Pour House – Jackson, SC

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The town of Jackson, South Carolina expanded, and its neighbor New Ellenton formed, in the 1950s when the inhabitants of Ellenton and Dunbarton were displaced by the formation of the Savannah River Site, a federal nuclear facility that acquired, through eminent domain, 300 square miles of land for national security purposes during the Cold War. 

The Pour House is a one-bedroom cabin that is sited within a wooded area behind a traditional Jackson neighborhood next to Highway 125, also known as “Atomic Road”. The design of the house pays homage to the history of the town, its surrounding context, and the nuclear facility itself. The Savannah River Site (SRS) came off the heels of the Manhattan Project; many structures within the plant, specifically the areas designated for plutonium and tritium production, along with the Defense Waste Processing Facility, are composed of robust reinforced concrete. These raw and heavy structures are purely functional expressions of a building that must house, extract, treat, and immobilize high levels of radioactive material. 

The cabin is located within a town that has a symbiotic relationship with the plant as the plant is a major employer for the Central Savannah River Area (CSRA). The materiality of the house and its form reflect this relationship, a brutalist bunker-like representation of a small ranch-style home that is also inspired by the Clarks Hill Dam, a gravity dam located to the north of both Jackson and the SRS. The house plan is that of a series of functional objects that are separated from the concrete perimeter as programmatic islands. With the exception of a hanging chimney, these objects are wood-clad framing elements that encompass the kitchen, storage, closet, and bathrooms and also retain a majority of the home’s HVAC requirements. A small office loft, illuminated by a horizontal skylight, sits above the master bathroom object. With the master bedroom doors pocketed, the open plan’s programmatic objects can be easily and comfortably circumnavigated. Porches formed from boolean subtractions create shaded areas that protect the floor-to-ceiling glazing from the intensity of the summer sun while also carving out areas for exterior seating to best enjoy the quiet woods on the edge of a small southern town.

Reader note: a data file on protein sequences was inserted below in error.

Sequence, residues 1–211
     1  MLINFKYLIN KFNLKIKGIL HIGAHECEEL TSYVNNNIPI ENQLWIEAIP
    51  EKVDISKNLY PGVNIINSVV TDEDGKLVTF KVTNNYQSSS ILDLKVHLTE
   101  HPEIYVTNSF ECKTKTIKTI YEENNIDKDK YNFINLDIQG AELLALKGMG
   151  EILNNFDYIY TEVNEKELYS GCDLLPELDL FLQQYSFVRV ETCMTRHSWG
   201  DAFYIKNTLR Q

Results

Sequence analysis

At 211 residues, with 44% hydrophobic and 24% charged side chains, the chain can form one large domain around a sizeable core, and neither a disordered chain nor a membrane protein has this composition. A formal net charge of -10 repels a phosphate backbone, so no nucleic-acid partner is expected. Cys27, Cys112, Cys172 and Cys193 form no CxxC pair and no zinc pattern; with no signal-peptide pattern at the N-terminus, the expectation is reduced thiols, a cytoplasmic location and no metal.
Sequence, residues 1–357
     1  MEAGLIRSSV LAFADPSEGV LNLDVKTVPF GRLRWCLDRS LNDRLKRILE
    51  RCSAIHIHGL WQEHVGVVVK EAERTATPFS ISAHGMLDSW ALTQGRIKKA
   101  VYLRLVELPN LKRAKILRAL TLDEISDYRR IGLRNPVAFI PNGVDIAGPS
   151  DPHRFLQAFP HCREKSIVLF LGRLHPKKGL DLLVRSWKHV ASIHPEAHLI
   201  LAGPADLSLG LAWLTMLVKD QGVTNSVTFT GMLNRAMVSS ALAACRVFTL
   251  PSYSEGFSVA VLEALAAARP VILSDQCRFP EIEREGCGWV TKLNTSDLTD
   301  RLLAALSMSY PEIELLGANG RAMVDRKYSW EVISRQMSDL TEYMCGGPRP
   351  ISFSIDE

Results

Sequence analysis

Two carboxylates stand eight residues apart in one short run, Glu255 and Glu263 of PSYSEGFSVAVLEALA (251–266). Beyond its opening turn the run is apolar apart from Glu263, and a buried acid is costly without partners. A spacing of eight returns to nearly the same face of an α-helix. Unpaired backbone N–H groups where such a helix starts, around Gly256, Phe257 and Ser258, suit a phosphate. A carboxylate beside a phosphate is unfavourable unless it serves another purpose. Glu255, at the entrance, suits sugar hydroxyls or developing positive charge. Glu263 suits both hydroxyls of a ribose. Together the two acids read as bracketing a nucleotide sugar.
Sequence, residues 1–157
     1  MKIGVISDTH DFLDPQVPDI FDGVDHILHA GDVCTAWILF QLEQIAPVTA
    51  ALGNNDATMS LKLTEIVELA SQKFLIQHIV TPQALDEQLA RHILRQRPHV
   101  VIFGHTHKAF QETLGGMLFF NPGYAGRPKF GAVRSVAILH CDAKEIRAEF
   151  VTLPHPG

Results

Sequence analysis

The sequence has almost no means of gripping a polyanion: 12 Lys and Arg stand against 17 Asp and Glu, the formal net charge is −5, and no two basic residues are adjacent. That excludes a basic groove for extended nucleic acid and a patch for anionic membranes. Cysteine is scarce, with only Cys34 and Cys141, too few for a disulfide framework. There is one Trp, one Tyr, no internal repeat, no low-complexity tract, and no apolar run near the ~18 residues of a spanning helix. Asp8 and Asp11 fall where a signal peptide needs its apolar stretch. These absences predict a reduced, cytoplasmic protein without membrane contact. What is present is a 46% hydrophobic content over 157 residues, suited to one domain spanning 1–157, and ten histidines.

Architectural Renderings by Ver3D
Photography of Gray Concrete Model by Christopher Patrick